Expect the following technology stocks to be among Monday's most actively traded issues: Citrix Systems, Microsoft and Sun Microsystems.
Keep an eye on the software maker Monday after it watched its shares fall 5 7/8 to 66 1/4 Friday.
Investors were turned off by fears new sales methods may have hurt quarterly results.
However, company officials say new direct sales force focused on big clients accounted for just 2 percent of total turnover in last year's fourth quarter.
Resellers and computer systems integrators remain the main avenues for selling Citrix software, he said. Shares of Citrix, which had been as high as 122 5/16 in March.
"The fear is that the Citrix shift to a more direct sales mix would subject it to more back-loaded sales each quarter. That makes no sense," Prudential Securities analyst Peter Ausnit told Reuters.
Brown Brothers Harriman & Co. analyst Sanjiv Hingorani said he had no doubts Citrix had made its sales and profits numbers for the quarter ended on Friday.
"I believe the quarter will be in line with analysts expectations," Hingorani said.
The software company's executives, including the chief executive, will hand over more than $263 million in stock awarded under a company compensation plan to settle shareholder lawsuits, company officials said after Friday's bell. The stock rose 2 1/16 to 59 3/16 at Friday's close.
Expect Microsoft shares to slide Monday after mediation talks in its landmark antitrust case collapsed, and the stock will remain under pressure ahead of a ruling widely expected to find the software giant violated antitrust laws, analysts said.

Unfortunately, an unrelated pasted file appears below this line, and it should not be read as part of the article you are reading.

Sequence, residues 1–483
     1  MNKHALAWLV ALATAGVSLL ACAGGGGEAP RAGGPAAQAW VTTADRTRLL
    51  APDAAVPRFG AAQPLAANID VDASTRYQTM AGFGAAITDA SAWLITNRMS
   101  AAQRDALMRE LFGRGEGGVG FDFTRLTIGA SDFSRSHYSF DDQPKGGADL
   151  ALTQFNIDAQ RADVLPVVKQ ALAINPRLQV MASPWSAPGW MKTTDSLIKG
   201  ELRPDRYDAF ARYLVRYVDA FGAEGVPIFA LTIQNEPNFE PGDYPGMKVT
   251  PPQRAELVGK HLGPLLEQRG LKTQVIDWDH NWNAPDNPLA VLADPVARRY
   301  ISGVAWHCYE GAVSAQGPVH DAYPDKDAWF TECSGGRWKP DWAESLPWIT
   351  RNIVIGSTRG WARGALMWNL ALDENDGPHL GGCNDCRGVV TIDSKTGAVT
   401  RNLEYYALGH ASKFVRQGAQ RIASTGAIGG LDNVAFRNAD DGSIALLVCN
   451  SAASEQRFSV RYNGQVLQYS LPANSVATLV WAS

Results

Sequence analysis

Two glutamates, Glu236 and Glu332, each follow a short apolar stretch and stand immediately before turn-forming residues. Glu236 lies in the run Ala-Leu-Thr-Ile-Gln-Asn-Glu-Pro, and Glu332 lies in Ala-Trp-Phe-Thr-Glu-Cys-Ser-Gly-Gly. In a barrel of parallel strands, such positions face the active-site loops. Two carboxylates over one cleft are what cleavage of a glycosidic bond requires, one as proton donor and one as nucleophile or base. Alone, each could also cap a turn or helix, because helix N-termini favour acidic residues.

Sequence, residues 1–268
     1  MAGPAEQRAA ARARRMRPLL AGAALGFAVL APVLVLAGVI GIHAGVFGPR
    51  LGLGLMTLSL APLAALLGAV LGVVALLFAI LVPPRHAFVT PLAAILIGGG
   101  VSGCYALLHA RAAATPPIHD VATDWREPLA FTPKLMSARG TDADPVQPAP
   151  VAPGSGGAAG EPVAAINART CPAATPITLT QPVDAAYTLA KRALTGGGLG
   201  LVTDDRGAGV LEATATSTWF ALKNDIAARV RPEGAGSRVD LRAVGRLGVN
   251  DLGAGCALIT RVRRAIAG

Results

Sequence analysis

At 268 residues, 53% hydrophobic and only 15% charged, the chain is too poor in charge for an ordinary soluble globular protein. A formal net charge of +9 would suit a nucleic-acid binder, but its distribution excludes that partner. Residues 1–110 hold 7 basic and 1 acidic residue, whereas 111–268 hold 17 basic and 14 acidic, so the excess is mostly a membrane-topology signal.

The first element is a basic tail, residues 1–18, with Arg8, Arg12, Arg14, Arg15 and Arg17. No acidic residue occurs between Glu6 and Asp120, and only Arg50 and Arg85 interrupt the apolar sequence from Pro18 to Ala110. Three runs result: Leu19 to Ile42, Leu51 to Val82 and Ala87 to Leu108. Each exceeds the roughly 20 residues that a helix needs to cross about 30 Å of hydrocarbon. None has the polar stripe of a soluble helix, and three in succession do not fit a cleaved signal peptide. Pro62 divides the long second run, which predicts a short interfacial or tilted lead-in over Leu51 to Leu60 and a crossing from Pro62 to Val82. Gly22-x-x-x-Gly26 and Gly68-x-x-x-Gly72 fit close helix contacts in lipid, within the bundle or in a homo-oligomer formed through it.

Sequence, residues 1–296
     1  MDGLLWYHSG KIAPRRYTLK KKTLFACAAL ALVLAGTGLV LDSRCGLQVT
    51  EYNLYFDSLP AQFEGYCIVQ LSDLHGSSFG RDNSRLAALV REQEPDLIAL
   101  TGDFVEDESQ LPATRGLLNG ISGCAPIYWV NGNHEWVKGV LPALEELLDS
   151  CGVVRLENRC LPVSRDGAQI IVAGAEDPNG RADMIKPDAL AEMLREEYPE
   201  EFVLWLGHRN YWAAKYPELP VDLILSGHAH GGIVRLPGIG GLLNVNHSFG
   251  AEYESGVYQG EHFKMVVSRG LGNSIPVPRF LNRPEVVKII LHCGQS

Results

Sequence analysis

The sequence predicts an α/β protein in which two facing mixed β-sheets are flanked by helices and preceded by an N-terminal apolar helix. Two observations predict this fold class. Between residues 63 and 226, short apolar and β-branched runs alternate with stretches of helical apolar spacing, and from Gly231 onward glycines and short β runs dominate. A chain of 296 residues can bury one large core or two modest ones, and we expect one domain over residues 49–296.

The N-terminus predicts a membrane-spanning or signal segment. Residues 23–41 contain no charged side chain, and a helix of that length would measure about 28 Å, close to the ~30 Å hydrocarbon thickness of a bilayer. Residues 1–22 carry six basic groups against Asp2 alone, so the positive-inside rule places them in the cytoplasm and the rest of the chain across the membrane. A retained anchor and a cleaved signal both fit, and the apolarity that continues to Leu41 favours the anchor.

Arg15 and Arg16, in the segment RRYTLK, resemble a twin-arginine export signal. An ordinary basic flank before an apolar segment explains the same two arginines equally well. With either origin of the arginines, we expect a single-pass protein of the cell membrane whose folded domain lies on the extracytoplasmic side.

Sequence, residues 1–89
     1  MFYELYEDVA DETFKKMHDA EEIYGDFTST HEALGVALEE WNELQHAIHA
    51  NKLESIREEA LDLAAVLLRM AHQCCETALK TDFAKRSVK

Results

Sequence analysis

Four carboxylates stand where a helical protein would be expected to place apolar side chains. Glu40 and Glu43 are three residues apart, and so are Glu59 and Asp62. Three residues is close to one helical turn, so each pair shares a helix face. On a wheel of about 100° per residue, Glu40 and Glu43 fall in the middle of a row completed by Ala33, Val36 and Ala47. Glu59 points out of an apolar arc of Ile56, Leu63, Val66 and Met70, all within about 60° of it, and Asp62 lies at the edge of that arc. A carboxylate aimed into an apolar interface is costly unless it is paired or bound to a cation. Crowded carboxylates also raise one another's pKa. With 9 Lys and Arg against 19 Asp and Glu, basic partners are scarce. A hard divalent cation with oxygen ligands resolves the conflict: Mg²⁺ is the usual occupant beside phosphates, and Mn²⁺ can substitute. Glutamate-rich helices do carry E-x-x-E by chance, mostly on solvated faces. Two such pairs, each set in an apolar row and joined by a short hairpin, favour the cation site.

The judge mediating the Microsoft case announced on Saturday that his settlement efforts had ended in failure. The failure means that District Judge Thomas Penfield Jackson, who is hearing the case in Washington, D.C., will now issue his conclusions of law in the case.
Jackson found last year that Microsoft abused monopoly power over its Windows operating system, damaging consumers, competitors and other firms.
He is widely expected to find that Microsoft violated the nation's antitrust laws. After that, he will decide what remedies should be applied in the case.
Its shares closed up 2 7/8 to 106 1/4 Friday.
Sun could see extra action Monday after an Israeli startup denied a newspaper report on Sunday that it was in talks to be bought by Sun for $250 million to $300 million.
The Globes financial daily said Haifa-based StoreAge Networking Systems was negotiating to be sold to Sun. The paper did not publish any further details.
"We have had many potential customers who have seen this product express interest in the product and our company but we are not negotiating with anyone at this stage," Robi Hartman, chairman of StoraAge and chief executive of Intelligent Information Systems, which owns 58.5 percent of StoreAge, told Reuters.
He acknowledged meeting with Sun, among other companies over the past few months.
Sun shares closed up 33/64 to 93 45/64 Friday.>